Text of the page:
The agents who currently serve in the Border Patrol are hard-working and patriotic, and deserve our support.  But doubling their ranks doesn’t make any sense, and would be a fiscally irresponsible and operationally uninformed decision by the Congress.

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Comment by William R. Cumming

June 23, 2013 @ 12:23 am

Thanks Christian for this informed and interesting post!

The real problem of immigration reform legislation is at the bottom political posturing and not real analysis. IMO, and could be wrong as always, Mexican legal and illegal immigration to the USA should be separated out from all other immigration issues. In fact Mexican immigration of all kinds to the USA is almost an internal USA/Mexican migration issue based on a complicated intersection of two Nation-states linked by history, economics. politics, demography, and almost any other factor you can imagine or speculate on. FDI from Mexico to the USA is one main link as many US dollars are recycled back to the USA as flight capital thereby destroying Mexican self-sufficiency.

One piece of history most Americans fail to understand is that the Mexican Revolution of 1917 was largely driven by oil politics and that in turn by exploitive American oilmen wishing to do the same to Mexico they did to the USA–specifically rape the commons for private interests and private gains.

How about at least $1B federal investment each year in providing bilingual training, centers for study of Mexican history and government, more formal exchange programs at the University level and more analysis of MSM and academics and grey literature of how the USA and Mexico are postively linked instead of focus on drugs, reasons for Mexican immigation tied to US economic policy, and other issues of joint concern.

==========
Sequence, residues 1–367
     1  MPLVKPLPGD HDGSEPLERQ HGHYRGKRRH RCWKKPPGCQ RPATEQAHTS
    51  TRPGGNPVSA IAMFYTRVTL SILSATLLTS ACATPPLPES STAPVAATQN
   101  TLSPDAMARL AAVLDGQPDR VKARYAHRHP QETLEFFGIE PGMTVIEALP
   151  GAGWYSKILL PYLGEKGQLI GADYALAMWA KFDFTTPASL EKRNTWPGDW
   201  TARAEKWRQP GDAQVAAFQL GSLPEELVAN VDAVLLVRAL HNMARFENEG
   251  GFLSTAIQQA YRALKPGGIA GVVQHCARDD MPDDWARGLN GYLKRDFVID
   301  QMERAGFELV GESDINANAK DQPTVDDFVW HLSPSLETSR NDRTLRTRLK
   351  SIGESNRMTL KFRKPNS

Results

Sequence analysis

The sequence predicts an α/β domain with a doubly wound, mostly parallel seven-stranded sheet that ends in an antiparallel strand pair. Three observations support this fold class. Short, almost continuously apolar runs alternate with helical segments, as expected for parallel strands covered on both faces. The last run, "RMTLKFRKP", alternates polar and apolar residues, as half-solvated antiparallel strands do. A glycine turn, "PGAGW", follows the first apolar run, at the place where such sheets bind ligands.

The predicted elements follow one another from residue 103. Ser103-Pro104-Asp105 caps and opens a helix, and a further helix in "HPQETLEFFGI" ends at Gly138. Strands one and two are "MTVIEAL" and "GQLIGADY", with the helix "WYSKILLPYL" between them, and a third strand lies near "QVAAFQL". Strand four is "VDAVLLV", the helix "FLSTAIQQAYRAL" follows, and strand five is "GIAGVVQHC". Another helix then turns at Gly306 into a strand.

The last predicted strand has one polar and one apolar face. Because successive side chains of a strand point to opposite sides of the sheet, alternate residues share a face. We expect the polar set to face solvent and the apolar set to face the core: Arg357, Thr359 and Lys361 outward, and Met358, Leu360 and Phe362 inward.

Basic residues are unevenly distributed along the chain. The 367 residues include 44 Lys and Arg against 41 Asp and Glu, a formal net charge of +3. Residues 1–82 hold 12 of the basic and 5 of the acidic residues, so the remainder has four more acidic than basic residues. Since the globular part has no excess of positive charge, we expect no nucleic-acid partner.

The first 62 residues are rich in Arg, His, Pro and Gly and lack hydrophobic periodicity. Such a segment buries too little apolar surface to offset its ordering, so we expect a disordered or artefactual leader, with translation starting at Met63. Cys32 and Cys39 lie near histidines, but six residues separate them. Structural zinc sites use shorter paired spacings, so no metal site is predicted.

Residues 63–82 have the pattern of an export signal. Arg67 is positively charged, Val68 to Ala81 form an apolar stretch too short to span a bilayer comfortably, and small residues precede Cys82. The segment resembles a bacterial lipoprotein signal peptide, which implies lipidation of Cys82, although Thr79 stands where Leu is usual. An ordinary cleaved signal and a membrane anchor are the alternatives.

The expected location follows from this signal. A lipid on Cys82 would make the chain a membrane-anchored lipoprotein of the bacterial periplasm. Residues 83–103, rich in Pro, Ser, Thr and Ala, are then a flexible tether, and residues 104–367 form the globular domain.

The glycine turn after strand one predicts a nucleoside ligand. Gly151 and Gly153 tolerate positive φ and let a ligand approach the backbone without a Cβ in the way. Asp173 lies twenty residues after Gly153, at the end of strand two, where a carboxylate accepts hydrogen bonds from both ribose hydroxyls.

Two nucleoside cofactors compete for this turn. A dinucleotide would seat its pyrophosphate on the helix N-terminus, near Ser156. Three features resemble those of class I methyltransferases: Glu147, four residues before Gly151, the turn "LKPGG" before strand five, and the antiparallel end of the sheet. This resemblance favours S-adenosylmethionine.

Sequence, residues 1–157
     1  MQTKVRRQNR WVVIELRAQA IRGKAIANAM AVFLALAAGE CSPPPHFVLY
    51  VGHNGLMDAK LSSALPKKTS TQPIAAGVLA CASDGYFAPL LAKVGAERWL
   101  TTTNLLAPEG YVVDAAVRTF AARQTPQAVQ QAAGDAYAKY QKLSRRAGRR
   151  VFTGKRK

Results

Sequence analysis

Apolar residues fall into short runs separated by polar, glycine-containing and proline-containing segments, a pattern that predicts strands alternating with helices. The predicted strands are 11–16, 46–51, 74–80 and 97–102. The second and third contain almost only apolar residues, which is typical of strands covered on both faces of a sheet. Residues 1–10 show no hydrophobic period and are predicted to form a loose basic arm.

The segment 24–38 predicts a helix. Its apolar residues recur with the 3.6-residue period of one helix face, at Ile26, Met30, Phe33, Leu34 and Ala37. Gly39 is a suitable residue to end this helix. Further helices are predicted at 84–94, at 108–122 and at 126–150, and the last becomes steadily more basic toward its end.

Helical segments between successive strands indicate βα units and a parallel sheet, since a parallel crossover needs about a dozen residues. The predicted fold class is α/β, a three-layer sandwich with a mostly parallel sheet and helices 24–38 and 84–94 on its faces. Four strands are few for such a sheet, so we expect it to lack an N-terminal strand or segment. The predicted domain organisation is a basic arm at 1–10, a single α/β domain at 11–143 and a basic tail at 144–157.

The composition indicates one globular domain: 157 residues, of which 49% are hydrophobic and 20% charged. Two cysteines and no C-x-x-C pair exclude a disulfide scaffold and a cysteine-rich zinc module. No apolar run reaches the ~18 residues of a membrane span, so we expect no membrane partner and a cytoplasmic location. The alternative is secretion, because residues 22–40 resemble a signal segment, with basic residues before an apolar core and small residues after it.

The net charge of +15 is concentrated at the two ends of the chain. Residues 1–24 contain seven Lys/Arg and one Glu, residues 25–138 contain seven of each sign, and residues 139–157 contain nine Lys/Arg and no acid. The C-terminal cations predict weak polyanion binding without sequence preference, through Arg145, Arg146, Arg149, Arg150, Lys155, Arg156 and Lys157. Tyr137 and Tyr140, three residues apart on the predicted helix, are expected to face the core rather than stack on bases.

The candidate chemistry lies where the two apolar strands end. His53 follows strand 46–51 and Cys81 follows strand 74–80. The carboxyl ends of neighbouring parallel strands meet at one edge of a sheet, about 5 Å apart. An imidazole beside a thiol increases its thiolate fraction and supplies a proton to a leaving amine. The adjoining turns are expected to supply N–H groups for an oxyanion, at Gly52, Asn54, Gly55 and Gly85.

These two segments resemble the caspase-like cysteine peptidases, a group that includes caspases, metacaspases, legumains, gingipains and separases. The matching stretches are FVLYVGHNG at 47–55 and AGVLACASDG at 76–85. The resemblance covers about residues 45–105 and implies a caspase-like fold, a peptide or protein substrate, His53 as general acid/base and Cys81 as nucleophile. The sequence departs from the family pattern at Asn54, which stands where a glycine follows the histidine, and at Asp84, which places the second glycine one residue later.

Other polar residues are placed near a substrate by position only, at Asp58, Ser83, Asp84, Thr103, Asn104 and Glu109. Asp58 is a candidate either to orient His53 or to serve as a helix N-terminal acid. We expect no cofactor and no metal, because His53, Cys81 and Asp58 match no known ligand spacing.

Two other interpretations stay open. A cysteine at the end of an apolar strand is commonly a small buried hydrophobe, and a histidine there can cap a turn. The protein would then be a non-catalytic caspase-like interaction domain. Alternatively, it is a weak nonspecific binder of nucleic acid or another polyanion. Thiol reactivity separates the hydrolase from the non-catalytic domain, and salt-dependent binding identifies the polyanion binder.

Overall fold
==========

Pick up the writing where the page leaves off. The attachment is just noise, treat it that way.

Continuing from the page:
Deny it all you want or can but in fact the USA and Mexico are really ONE country and the sooner both realize it the better.

Again IMO of course.

Comment by William R. Cumming

June 23, 2013 @ 12:27 am

And by the way we [the USA] are willing to drown Haitians but not Cubans, and now the question may be are we willing to shoot down Mexicans trying to enter the USA illegally?

Comment by HGRATTAN

June 23, 2013 @ 7:14 am

Too many HLS sound bites and an ineffective policy.

Illegal immigrants come and continue to migrate to the U.S. for several reasons and mostly economic and a sense of freedom that exceeds many countries.

Ultimately, they will come. I would if I were them.
The question is how many is too many and are illegal aliens really hurting the U.S. or are they helping the U.S.? Hard to say in both the short and long term. Arguably, some illegal aliens are security threats and weeding out real threats (terrorist and criminals) is near impossible.